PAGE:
SENATOR THE HON PENNY WONG

LEADER OF THE OPPOSITION IN THE SENATE

SHADOW MINISTER FOR FOREIGN AFFAIRS

LABOR SENATOR FOR SOUTH AUSTRALIA

TRANSCRIPT

5 September 2018

ABC RADIO PACIFIC BEAT

TOPICS: CLIMATE CHANGE, LIBERAL DIVISION, PACIFIC ISLANDS FORUM

E&OE - PROOF ONLY

SENATOR PENNY WONG, LEADER OF THE OPPOSITION IN THE SENATE: The problem the Coalition has is that they have signed up to a Paris Agreement that half of their party room doesn’t support and the way that Scott Morrison is dealing with that division, after what we’ve seen over these last weeks and months, is to say ‘we’ve got a target, but we’re not necessarily going to do anything to ensure we achieve it’.

Well, I think Pacific island leaders look at that and know precisely what that means, it means we are not acting to ensure we meet our agreement, just as the Australian people understand Mr Morrison isn’t acting because of division in his party room.

STEPHEN DZIEDZIC: Do you think that Australia should look at increasing its commitment in terms of the money it offers to Pacific island nations for climate mitigation? There is already a very substantial commitment made by the Australian Government, is that something that we could look at increasing or is that avoiding the core issue of emissions?

WONG: What we need to do is to listen to what the Pacific wants. We need to listen to what they want and we need to work with them, as the Prime Minister of Samoa said recently, to ensure that we can contribute to achieving their security and prosperity.

Now, they recognise that climate change is a development risk, they recognise it is a security risk. We should be ensuring that not only do we, as a significant power in the region, do our part when it comes to climate change, but we recognise the importance of supporting adaptation and resilience in Pacific island nations who are already dealing with the frontline effects of it.

DZIEDZIC: Do you believe, and this isn’t necessarily just this government, but do you believe over the last few decades, let’s say, that there has been strategic neglect, as the Prime Minister of Samoa suggested, of the Pacific nations by Australia? And has there been, again, to use his words, a patronising attitude taken towards Pacific island nations?

WONG: I read, and listened to what the Prime Minister of Samoa said, and I think we would do well to understand what he is saying. And, on behalf of the region what he is saying is we do want a good relationship with Australia, but we recognise we want you to listen to what we want, we want you to contribute to our security and prosperity and we want you to work with us.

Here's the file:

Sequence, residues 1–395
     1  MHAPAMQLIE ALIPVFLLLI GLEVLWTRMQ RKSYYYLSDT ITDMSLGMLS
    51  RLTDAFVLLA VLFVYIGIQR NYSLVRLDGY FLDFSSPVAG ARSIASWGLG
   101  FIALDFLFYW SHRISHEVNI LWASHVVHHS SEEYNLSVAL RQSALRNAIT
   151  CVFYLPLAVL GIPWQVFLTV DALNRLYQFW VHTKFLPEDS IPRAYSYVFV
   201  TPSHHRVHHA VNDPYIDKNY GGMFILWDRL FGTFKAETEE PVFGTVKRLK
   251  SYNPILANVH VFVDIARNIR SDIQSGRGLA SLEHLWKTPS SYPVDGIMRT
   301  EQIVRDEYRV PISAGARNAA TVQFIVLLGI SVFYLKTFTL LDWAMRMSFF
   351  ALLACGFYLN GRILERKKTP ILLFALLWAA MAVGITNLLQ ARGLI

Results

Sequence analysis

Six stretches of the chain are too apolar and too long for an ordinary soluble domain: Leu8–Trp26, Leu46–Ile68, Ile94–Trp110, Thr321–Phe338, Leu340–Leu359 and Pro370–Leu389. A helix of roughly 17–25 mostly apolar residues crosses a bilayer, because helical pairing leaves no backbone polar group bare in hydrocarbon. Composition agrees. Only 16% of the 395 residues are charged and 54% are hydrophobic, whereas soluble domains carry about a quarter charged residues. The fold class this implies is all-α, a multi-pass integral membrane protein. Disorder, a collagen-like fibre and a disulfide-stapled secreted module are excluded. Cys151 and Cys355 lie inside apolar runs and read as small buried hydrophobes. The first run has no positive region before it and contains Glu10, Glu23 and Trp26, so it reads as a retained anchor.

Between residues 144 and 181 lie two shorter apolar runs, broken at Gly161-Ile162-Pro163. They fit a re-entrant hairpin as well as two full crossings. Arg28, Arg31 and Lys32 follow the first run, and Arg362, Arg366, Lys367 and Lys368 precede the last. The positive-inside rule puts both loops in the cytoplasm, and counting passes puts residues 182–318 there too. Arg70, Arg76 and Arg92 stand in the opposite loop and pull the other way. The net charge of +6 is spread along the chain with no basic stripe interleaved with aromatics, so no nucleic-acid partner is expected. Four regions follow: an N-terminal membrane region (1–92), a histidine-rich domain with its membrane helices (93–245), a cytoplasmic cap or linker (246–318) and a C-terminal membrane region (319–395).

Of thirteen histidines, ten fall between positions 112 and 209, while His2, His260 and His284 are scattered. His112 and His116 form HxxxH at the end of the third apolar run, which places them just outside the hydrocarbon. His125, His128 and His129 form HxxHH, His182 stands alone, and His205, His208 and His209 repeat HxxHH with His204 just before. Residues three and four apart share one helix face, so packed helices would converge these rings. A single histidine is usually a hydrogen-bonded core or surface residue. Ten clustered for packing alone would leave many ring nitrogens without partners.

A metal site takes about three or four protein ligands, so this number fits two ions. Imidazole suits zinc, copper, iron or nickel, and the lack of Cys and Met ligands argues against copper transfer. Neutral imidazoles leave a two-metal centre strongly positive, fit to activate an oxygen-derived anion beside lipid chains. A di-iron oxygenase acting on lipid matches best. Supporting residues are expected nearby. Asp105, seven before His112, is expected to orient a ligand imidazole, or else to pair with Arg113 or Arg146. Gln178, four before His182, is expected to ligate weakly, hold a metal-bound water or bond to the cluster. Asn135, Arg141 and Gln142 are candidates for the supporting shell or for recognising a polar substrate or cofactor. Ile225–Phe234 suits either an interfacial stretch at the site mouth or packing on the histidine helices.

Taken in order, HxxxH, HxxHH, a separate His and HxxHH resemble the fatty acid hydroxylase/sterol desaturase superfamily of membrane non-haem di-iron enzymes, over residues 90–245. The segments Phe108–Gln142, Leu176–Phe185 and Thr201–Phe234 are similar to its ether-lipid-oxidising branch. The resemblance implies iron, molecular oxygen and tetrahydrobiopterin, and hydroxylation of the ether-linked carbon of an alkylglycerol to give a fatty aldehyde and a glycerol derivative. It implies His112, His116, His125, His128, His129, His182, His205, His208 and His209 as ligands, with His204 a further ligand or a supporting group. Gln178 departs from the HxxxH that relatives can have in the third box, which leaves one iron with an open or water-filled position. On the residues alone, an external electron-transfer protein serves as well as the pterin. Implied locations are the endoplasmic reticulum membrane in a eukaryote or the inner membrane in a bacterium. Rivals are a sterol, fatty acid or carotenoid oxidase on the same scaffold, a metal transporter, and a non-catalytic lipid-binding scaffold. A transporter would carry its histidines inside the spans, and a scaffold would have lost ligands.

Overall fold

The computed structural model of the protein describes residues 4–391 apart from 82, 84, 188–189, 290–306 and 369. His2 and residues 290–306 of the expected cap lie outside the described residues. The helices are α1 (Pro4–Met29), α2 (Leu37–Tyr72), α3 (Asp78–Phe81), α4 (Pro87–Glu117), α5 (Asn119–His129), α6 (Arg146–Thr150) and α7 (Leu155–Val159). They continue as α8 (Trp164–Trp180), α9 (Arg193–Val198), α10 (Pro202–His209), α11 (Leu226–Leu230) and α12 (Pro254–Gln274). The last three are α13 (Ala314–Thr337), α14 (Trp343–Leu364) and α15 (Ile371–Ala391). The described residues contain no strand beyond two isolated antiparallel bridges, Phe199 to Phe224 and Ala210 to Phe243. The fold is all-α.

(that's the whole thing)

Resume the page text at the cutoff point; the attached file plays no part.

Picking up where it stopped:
Now, that’s what we should do and certainly were Labor to win government that is the approach we would take. We would regard the Pacific as core business and we would ensure that it was a serious aspect of Australia’s foreign policy. What we have seen to date from this government is a lot of rhetoric in recent times but very little delivery, and division and paralysis on the issue that is of most importance to the Pacific island nations.

DZIEDZIC: It was only a few weeks ago, from memory, that you and Julie Bishop, along with your junior counterparts made a trip to Palau and declared that bipartisanship was the defining characteristic of Australian Pacific policy. Has that bipartisanship frayed over the last few weeks?

WONG: I don’t think that bipartisanship means that you can never say the government can do better and I think the government can do better.

I do think those Pacific trips with former Foreign Minister Julie Bishop were very important because what they demonstrated to the nations we visited and to the region as a whole, was that regardless of who was in government we recognise our role in the Pacific.

What I do think this government suffers from is a failure at its core to deal with the single biggest issue that the Pacific identifies as its strategic threat which is climate change.

Authorised by Noah Carroll, ALP, Canberra.